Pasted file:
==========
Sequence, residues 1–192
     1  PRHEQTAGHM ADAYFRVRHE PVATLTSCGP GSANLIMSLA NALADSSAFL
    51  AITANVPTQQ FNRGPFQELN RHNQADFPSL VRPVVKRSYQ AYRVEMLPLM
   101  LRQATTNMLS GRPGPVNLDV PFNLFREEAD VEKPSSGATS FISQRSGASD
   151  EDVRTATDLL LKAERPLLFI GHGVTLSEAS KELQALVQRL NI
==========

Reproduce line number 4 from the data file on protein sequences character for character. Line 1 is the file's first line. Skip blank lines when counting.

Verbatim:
   101  LRQATTNMLS GRPGPVNLDV PFNLFREEAD VEKPSSGATS FISQRSGASD